Grand Sport. Nothing else needs to be said among anyone familiar with the Corvette hobby in order to conjure up images of legendary brute power and performance. When Chevrolet paid tribute to the original mid-year race cars with 1,000 Admiral Blue coupes and convertibles in 1996, they stirred up lots of sentiment and excitement. While the '96 Grand Sport was mostly a cosmetic package, the name and the concept inspired quite a passion with enthusiasts of all generations.

Denver's Dave Bell was one such person moved by the C4 Grand Sport. A fanatic for performance cars in general, and Corvettes in particular, Dave built his first car when he was only 14 years old. In June 1996, Dave decided that he needed a Grand Sport, but the pickings were slim by then. None of the remaining Grand Sports he looked at had satisfactory quality paint for his tastes. While Dave was checking out two G/S's at a local dealership-one a coupe and the other a roadster-he spotted a black '96 coupe with nearly flawless paint. After learning that it was equipped with the same ZF six-speed gearbox and 330hp LT4 powerplant as the Grand Sport, Dave began imagining the black coupe in G/S-style trim. "I decided right then to build my own Grand Sport!" says Dave, and the black coupe was instantly sold.

In the spring of 1997, the coupe went into the body shop at Purifoy Chevrolet in Fort Lupton, Colorado, where Matt Winholz added a Torch Red G/S center stripe and left-fender hash marks to complement the Torch Red and black interior. G/S rear fender flares, blacked-out 17 x 9.5 and 17 x 11-inch five-spoke wheels, and all the appropriate badges rounded out the Grand Sport cosmetics, but Dave didn't stop there. He added a Greenwood rear wing and hood louvers, as well as Phantom taillight louvers to accentuate the Vette's aggressive looks. He succeeded grandly. A week after leaving the shop, Dave and his brother Doug caravanned with fellow Looking Glass Corvette Association members to Billings, Montana, for the "Big Sky" meet. "Somewhere in Wyoming, the leader of our caravan came over the CB and said, 'Dave, that car looks like a huge black widow spider coming down the road.' The name stuck."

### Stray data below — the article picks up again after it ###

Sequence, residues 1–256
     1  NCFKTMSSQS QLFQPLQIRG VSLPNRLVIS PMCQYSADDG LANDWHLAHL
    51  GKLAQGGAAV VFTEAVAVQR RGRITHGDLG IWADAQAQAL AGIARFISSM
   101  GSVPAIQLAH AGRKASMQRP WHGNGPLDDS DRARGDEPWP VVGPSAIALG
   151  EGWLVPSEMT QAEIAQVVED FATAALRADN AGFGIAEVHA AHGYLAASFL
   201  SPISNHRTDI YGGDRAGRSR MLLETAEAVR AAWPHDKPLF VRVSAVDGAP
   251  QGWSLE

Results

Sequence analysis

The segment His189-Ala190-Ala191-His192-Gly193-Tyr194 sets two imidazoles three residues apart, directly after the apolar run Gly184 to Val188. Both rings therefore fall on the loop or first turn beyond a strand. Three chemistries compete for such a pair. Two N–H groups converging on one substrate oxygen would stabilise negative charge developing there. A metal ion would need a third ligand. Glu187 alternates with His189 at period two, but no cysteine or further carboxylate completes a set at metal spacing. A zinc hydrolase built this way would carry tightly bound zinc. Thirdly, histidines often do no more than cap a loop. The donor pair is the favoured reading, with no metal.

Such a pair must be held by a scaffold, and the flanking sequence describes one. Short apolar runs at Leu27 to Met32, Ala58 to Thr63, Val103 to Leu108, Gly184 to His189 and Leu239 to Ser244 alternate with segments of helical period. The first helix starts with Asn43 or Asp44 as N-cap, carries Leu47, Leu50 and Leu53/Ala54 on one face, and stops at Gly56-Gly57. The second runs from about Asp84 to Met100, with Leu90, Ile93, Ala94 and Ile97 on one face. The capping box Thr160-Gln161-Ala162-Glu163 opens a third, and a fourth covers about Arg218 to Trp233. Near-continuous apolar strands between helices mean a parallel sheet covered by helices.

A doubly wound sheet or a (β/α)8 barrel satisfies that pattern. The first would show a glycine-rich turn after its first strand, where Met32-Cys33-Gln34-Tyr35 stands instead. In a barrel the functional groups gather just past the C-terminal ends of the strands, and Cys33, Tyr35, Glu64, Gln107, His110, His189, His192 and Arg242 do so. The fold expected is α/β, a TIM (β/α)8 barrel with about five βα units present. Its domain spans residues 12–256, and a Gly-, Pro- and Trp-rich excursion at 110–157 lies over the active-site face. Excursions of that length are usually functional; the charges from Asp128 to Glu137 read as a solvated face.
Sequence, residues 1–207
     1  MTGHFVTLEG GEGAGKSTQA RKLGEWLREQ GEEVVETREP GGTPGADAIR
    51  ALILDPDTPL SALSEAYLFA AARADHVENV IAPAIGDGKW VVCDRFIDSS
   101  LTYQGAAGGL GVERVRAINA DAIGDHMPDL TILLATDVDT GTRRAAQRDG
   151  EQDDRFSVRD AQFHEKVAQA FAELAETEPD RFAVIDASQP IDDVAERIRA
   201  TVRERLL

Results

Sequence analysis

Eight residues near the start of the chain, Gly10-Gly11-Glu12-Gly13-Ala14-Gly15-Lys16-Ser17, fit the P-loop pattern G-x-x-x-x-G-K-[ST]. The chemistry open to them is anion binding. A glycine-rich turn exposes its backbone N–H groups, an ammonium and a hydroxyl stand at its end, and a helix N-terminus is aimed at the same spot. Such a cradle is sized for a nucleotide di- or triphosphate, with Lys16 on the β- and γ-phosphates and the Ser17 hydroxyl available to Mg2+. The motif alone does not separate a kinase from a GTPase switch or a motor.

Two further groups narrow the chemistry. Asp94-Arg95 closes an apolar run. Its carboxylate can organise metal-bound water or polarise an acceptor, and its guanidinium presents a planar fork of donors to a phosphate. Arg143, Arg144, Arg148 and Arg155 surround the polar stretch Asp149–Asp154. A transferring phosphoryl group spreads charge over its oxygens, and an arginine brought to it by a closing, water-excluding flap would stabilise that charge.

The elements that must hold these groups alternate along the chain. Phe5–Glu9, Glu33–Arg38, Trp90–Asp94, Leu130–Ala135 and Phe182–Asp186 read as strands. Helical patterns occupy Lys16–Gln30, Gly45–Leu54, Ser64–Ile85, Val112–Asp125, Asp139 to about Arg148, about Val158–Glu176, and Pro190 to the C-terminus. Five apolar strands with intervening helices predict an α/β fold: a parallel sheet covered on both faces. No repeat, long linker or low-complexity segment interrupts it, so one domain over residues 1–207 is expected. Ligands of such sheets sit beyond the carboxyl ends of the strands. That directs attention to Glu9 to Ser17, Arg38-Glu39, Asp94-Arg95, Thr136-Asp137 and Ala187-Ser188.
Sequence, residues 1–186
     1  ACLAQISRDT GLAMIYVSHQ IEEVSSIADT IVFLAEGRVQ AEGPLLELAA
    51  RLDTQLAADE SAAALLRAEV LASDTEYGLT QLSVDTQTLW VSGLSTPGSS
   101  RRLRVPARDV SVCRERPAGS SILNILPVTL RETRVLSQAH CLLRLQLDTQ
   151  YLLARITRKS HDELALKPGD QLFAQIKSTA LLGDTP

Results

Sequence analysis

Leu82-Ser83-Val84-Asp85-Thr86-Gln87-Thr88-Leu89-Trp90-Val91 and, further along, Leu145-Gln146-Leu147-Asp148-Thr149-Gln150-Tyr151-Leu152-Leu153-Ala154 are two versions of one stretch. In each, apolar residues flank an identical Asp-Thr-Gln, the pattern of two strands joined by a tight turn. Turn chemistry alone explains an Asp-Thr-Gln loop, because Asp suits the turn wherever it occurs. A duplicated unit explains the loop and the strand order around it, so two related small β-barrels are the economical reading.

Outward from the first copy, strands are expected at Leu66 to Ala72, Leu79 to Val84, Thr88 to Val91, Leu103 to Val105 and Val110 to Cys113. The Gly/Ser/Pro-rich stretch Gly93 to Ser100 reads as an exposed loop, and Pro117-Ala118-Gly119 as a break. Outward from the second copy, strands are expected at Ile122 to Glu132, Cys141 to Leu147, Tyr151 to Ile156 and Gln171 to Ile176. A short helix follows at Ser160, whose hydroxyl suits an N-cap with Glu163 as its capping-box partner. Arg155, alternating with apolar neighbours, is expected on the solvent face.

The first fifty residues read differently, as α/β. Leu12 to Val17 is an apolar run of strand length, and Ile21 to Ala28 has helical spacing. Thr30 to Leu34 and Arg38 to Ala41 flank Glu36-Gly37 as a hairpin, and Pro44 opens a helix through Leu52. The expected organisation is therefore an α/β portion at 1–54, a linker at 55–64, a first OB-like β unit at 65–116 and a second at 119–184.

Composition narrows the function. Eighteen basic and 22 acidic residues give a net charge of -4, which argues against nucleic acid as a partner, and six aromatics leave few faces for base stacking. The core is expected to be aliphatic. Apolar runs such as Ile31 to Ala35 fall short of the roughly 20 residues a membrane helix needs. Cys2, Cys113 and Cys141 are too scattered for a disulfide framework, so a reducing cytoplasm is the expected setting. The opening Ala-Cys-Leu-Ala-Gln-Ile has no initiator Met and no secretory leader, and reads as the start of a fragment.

As soon as they returned from Montana, Dave and Doug began painting a giant spider on the underside of the hood. In addition to countless hours of work on designs and cutting out patterns, the black widow artwork took five coats of Cadillac Pearl Black and some Torch Red for the hourglass, Sebring Silver for the web, and five coats of high-temp clear. But, thanks to Doug's "airbrush artistry," the black widow was becoming a reality. Dave also had "Black Widow" hand-lettered on the roof pillars.